One of the best ways to serve in the military in almost any country is to join the local Navy. In the United States, this branch of service allows you to protect the way of life that you appreciate in numerous ways. Some sailors serve on vessels and submarines as they patrol the oceans of the worlds. There are pilot programs that can have you flying in jets like the Boeing EA-18G Growler to protect electronic warfare air support.
You can serve at one of the many land-based locations that are in the Navy to provide instruction, coastal rescue services, and a variety of duties which are necessary to keep the military functioning as well. There are over 80 different positions available to those who decide to enlist, offering ratings that can help individuals seek out their strengths, improve weaknesses, and learn meaningful skills that can support a long civilian career after their service if they wish.
There are some requirements for U.S. citizens to pass before an application for enlistment will be accepted. All applicants must have a minimum ASVAB score of 35 to qualify for service. The Navy currently caps the maximum age for a recruit at 35, but the Air Force raised the maximum age for enlisted accession to 39 in 2014. Federal law allows recruits as old as 42 to enlist. Other countries have their own specific minimums for enlistment to follow as well.
Over 50,000 people are successful in their enlistment efforts each year when joining the Navy is their vocational priority. If this is a branch of service that interests you, then here are the pros and cons to consider before finalizing your decision.
List of the Pros of Joining the Navy
1. You receive a comprehensive leave package when joining the Navy.
Once you begin to actively serve in the Navy, then you are given 30 days of leave for each year. That is the equivalent to the vacation time that employers provide in the civilian world. Although you may not always be able to control when you get to take leave, this time does not include your scheduled weekends or holidays that may apply. That means you have time to go home during a deployment, travel the world on a military hop at time, or spend time relaxing in your favorite places while still providing a needed service to your country.
2. Living stipends can be earned in as little as 3 years with the Navy.
When you join the Navy in the United States, then there is an excellent chance that you will have an opportunity to benefit from the GI Bill. This legislation provides a series of benefits that include education, retirement, apprenticeship training, and numerous other advantages which are available because of your service. Depending on your rating and reason for discharge, you may be able to earn a living stipend after enlisting with only three years of service to this branch of the military. That is a minimal investment to make in exchange for the potential returns that are available.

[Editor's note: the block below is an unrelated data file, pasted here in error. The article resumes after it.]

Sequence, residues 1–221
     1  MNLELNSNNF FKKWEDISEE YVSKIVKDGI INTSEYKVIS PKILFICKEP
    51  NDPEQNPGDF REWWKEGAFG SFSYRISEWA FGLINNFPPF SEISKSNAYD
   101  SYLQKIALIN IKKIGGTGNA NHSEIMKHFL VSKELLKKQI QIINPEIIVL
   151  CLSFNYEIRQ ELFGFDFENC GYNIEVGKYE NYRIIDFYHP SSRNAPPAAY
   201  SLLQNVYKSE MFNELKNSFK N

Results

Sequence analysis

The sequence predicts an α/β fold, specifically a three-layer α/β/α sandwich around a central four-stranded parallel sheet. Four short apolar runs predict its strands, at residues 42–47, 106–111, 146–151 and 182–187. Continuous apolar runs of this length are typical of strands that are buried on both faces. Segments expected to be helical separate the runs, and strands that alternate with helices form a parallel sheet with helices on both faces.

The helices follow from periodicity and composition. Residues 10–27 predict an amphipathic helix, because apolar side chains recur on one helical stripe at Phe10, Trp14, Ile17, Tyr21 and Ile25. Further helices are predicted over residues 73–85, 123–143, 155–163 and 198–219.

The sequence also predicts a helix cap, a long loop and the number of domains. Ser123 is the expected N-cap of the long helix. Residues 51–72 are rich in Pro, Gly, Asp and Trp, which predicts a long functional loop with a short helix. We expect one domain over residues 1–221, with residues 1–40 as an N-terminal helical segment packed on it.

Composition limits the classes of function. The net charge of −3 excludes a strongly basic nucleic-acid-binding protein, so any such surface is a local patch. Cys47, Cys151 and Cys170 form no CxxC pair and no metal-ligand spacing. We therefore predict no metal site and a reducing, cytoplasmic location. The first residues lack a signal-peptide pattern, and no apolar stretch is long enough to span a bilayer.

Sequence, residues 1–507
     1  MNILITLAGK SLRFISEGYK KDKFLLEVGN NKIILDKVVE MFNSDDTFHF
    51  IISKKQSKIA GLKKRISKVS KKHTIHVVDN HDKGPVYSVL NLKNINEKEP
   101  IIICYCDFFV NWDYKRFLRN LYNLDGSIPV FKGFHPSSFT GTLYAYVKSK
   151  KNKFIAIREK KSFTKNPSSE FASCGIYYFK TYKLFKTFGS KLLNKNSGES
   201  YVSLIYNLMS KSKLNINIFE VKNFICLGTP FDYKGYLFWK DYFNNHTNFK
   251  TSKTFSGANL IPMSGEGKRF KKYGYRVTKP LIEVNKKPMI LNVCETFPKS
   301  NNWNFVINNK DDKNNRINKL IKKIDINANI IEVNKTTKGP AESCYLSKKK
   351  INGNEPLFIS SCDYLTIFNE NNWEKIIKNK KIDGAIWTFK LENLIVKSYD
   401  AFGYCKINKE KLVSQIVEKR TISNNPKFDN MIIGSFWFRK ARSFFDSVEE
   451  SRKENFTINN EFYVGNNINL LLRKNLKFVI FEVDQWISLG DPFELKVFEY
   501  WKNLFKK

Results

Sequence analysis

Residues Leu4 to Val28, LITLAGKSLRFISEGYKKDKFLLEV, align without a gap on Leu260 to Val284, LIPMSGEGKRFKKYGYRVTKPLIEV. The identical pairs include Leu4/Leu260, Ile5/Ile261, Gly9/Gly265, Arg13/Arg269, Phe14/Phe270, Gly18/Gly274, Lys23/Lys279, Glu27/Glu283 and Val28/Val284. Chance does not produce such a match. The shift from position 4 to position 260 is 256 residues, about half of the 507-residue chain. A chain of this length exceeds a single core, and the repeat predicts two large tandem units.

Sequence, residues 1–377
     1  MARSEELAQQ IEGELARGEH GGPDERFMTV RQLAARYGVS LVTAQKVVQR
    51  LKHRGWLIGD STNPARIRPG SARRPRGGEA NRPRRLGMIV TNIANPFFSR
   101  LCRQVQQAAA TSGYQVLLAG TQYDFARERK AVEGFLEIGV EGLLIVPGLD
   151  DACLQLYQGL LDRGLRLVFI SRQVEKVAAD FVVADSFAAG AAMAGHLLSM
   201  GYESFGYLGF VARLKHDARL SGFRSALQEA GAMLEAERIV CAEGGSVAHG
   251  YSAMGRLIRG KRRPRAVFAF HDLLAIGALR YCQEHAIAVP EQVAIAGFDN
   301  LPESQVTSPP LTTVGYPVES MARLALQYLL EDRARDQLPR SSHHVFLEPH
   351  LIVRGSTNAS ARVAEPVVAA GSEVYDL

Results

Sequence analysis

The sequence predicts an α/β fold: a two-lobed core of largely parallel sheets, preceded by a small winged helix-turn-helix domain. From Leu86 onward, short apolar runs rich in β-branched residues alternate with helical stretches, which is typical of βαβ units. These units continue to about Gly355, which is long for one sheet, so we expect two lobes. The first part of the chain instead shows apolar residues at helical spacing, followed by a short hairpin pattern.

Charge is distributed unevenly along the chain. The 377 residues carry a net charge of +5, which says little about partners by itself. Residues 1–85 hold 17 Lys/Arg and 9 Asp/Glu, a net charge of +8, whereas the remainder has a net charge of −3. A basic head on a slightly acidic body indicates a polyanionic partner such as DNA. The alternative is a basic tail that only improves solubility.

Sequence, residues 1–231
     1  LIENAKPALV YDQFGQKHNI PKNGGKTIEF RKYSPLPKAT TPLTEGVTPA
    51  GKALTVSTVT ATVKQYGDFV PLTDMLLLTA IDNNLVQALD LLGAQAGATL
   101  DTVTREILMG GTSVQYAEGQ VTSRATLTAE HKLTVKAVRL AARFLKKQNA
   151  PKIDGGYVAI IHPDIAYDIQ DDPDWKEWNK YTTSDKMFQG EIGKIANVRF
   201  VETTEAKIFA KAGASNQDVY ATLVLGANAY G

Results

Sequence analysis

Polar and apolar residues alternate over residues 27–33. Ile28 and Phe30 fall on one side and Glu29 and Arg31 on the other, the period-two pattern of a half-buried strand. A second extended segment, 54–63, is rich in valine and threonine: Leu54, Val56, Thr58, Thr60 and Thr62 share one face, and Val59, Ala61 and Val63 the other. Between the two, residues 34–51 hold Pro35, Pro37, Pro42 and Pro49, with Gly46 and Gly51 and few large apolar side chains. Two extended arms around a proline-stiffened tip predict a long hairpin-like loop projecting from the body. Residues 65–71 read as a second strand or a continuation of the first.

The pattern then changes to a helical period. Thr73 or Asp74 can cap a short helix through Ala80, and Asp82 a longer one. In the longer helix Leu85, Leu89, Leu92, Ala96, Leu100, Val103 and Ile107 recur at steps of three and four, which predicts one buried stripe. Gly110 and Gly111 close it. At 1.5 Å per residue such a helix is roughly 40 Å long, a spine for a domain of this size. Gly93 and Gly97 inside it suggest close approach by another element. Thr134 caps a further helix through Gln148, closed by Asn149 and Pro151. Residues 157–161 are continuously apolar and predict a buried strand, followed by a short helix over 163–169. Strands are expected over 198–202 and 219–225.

3. Naval service creates an opportunity for a 100% mortgage.
By joining the Navy, you are also creating an opportunity where you can purchase a home for yourself or your family without paying any money down. This option is referred to as a VA loan, which you can qualify for through any approved lender based on the benefits you receive from your service or veteran status. Depending on where you are stationed or the location you decide to live after discharge, you may qualify for 100% funding of up to $453,000 when you are ready to purchase a home.
Not only is this option one of the few zero-down lending products that are available in the American housing market today, but it is also available to current homeowners who may need to refinance to access the equity in their own from previous loans as well.
4. It provides your family with emergency monetary protection.
When you decide to join the Navy, then you are given an option to receive $400,000 worth of life insurance that is immediately payable upon your death during your service. There is also a $100,000 death benefit that the military pays to its gold-star families when someone is killed in action. Workers in the civilian world access similar coverage, but at a far greater policy cost than you would through your service. Then you can rest assured that if something unforeseen does happen to you, it will still be possible to provide for your loved ones.
The Navy does not reduce any Social Security or indemnity payments which may apply to your situation either.
5. You can earn a full retirement after serving for 20 years in the Navy.
The retirement benefits that you can earn in the Navy might be worth more than $1 million, depending on the age you decided to join and what your final income years were when making the calculation. Although the actual structure of the program has shifted away from the traditional pension that public-service workers used to receive in previous generations, you will still receive a generous retirement package that can help you to enjoy a relaxing life at a young age.
If you decided to join the military at age 18, then you could potentially retire before the age of 40 with a package that could make it so that you never need to work again. Should you decide to seek out employment, your retirement benefit is not reduced.
6. The Navy will forgive a significant amount of your student loans.
One of the perks of joining the Navy is that you can receive extensive financial assistance toward a college degree. If you already went to school before joining the military, then you can receive a substantial amount of forgiveness for your student loans. This branch will provide up to $65,000 of total relief for your existing debt if you serve a total of 36 months. You will receive one-third of your forgiveness for each year of service. There are some stipulations and rules to follow to qualify for this program, so speak with your recruiter first to ensure you can receive this unique advantage.
7. You can receive a 0% interest rate on your student loans in the Navy.
If you are stationed in an area of hostile duty while serving in the Navy, then the interest rate on your student loans can drop to zero for up to 5 years. The only thing you need to provide to obtain this benefit is a letter from your commanding officer stating your deployment or a copy of your orders. There are deferment options available to those serving as well to prevent credit damage when you are in a position where it is not possible to direct monthly payments to your loan servicing provider.